Biggest loser at midterms? Barack Obama

The midterms weren't a blue wave, but they weren't shark fin soup for Republicans either, given that they lost the House by a small margin.

That said, the big loser who stands out here is hard-campaigning President Obama, the guy who thought he was the star of the Democratic Party and who, throwing the tradition of former presidents staying aloof from politics out the window, campaigned hard, long, and loud, for Democrats in this midterm. Turns out the ones he fought the hardest for lost.

Now he stands exposed as politically irrelevant, powerless, an embarrassment. Sorry 'bout that legacy thing, Barry-O.

First, he did some easy ones and those candidates marched right through, Obama or no Obama:

Tim Kaine of Virginia and Joe Manchin of West Virginia for the Senate, Jennifer Wexton of Virginia for the House. J.B. Pritzker for the Illinois governorship. A couple of minor leaguers for the House in Illinois as tag-alongs. 

Kaine and Pritzker, given their ties to the Obama administration, were probably favors repaid, and they ran in blue states, anyway, as did the Illinois pickups. Manchin, meanwhile, was primarily re-elected on his Kavanaugh vote, so Obama was likely irrelevant.

But then there were the midterm campaigns that weren't gimmes, some very high profile, and high media-exposure ones: Joe Donnelly of Indiana for Senate. Bill Nelson of Florida for Senate. Andrew Gillum of Florida for governor. Stacey Abrams of Georgia for governor.

Those were the ones Obama went hoarse campaigning for, yelling and waving his arms, voice cracking, speeches described as fiery, telling voters to vote for these guys or die. With Gillum in particular, racial appeals were a factor and Obama's presence was supposed to help. Gillum had a big media buildup about being a first black governor of Florida as an argument to draw votes, and he later cried racism to fend off corruption allegations. Adding Obama to campaign was obviously part of the appeal. This time, the race-politics identity card simply failed.

And Obama? What did he get? Zilch. Zip. Zero. Nada. The voters rather noticibly rejected the ex-president's appeal for votes. Been there, done that.

A prized and coveted Obama endorsement, or campaign stop, obviously isn't the election winner in a tight race it used to be. In fact, with these midterms, when it matters, Obama's a bust. The lesson here that Democrats will surely notice is that it's largely useless. 

Obama will be not be easy to get off the stage, given his love for the limelight. But I suspect we will be hearing a lot less about Obama on the campaign trail, except in the easiest of races, as the reality of what happened among Democrats starts to sink in.

Update: Washington Examiner argues that it was Obama's ego that did him in.

Image credit: MSNBC, via YouTube, screengrab

The midterms weren't a blue wave, but they weren't shark fin soup for Republicans either, given that they lost the House by a small margin.

That said, the big loser who stands out here is hard-campaigning President Obama, the guy who thought he was the star of the Democratic Party and who, throwing the tradition of former presidents staying aloof from politics out the window, campaigned hard, long, and loud, for Democrats in this midterm. Turns out the ones he fought the hardest for lost.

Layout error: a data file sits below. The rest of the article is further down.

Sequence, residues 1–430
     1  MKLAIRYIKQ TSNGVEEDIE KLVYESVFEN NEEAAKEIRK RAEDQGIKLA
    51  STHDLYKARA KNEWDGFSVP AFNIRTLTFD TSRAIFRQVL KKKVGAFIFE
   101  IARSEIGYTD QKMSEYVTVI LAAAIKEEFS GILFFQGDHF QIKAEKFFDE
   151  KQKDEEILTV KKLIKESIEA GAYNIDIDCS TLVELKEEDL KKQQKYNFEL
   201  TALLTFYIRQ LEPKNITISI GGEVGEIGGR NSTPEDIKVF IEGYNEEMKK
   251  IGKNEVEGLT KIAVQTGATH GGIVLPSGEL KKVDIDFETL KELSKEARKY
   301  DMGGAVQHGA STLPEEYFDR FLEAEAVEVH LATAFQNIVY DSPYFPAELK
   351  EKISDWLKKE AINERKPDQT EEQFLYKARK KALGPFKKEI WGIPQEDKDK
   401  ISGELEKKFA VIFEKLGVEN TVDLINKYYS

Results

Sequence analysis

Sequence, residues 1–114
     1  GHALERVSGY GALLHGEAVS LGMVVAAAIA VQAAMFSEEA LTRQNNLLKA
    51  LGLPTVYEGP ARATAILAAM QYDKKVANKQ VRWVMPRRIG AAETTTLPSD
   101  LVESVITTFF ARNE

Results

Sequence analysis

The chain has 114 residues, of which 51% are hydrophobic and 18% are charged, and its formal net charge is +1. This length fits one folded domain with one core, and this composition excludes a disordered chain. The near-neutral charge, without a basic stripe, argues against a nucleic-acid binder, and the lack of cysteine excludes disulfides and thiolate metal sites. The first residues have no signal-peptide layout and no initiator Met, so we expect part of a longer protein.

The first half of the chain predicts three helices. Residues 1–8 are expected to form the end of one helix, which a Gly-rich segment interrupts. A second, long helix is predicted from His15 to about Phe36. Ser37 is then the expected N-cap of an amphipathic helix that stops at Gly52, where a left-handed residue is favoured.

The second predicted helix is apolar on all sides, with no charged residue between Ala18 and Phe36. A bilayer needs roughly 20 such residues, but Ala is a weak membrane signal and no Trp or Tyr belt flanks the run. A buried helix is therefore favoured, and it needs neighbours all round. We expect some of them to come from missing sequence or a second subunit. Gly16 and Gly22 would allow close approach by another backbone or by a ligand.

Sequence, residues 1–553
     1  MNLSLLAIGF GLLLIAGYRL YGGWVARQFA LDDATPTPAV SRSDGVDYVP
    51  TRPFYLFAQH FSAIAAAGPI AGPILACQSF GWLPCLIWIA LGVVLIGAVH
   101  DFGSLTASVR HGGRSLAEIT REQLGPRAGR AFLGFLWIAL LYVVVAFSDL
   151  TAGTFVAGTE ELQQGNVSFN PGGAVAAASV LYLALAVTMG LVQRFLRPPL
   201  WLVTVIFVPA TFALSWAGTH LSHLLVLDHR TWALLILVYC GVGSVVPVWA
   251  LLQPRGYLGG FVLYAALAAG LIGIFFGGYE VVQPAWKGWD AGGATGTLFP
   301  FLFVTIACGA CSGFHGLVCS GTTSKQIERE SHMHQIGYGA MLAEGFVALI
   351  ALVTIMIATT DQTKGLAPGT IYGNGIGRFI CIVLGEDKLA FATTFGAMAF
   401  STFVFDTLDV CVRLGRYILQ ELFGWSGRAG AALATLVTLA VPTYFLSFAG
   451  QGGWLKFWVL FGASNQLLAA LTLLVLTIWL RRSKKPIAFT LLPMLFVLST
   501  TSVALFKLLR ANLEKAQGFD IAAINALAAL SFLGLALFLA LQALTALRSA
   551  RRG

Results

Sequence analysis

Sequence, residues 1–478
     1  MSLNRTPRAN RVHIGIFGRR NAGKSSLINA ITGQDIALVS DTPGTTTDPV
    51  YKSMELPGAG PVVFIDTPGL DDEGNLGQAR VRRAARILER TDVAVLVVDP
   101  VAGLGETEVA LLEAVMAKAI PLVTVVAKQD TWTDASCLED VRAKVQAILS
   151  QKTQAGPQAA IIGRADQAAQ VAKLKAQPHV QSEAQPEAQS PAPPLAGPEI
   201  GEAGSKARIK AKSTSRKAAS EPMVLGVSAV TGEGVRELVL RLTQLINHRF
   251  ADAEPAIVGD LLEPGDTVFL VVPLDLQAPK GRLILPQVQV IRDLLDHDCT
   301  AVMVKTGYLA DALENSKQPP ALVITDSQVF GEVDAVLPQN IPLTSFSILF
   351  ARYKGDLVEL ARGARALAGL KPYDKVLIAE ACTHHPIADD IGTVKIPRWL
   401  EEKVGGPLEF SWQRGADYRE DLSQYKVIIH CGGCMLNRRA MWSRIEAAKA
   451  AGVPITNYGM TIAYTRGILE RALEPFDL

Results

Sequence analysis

Now he stands exposed as politically irrelevant, powerless, an embarrassment. Sorry 'bout that legacy thing, Barry-O.

First, he did some easy ones and those candidates marched right through, Obama or no Obama:

Tim Kaine of Virginia and Joe Manchin of West Virginia for the Senate, Jennifer Wexton of Virginia for the House. J.B. Pritzker for the Illinois governorship. A couple of minor leaguers for the House in Illinois as tag-alongs. 

Kaine and Pritzker, given their ties to the Obama administration, were probably favors repaid, and they ran in blue states, anyway, as did the Illinois pickups. Manchin, meanwhile, was primarily re-elected on his Kavanaugh vote, so Obama was likely irrelevant.

But then there were the midterm campaigns that weren't gimmes, some very high profile, and high media-exposure ones: Joe Donnelly of Indiana for Senate. Bill Nelson of Florida for Senate. Andrew Gillum of Florida for governor. Stacey Abrams of Georgia for governor.

Those were the ones Obama went hoarse campaigning for, yelling and waving his arms, voice cracking, speeches described as fiery, telling voters to vote for these guys or die. With Gillum in particular, racial appeals were a factor and Obama's presence was supposed to help. Gillum had a big media buildup about being a first black governor of Florida as an argument to draw votes, and he later cried racism to fend off corruption allegations. Adding Obama to campaign was obviously part of the appeal. This time, the race-politics identity card simply failed.

And Obama? What did he get? Zilch. Zip. Zero. Nada. The voters rather noticibly rejected the ex-president's appeal for votes. Been there, done that.

A prized and coveted Obama endorsement, or campaign stop, obviously isn't the election winner in a tight race it used to be. In fact, with these midterms, when it matters, Obama's a bust. The lesson here that Democrats will surely notice is that it's largely useless. 

Obama will be not be easy to get off the stage, given his love for the limelight. But I suspect we will be hearing a lot less about Obama on the campaign trail, except in the easiest of races, as the reality of what happened among Democrats starts to sink in.

Update: Washington Examiner argues that it was Obama's ego that did him in.

Image credit: MSNBC, via YouTube, screengrab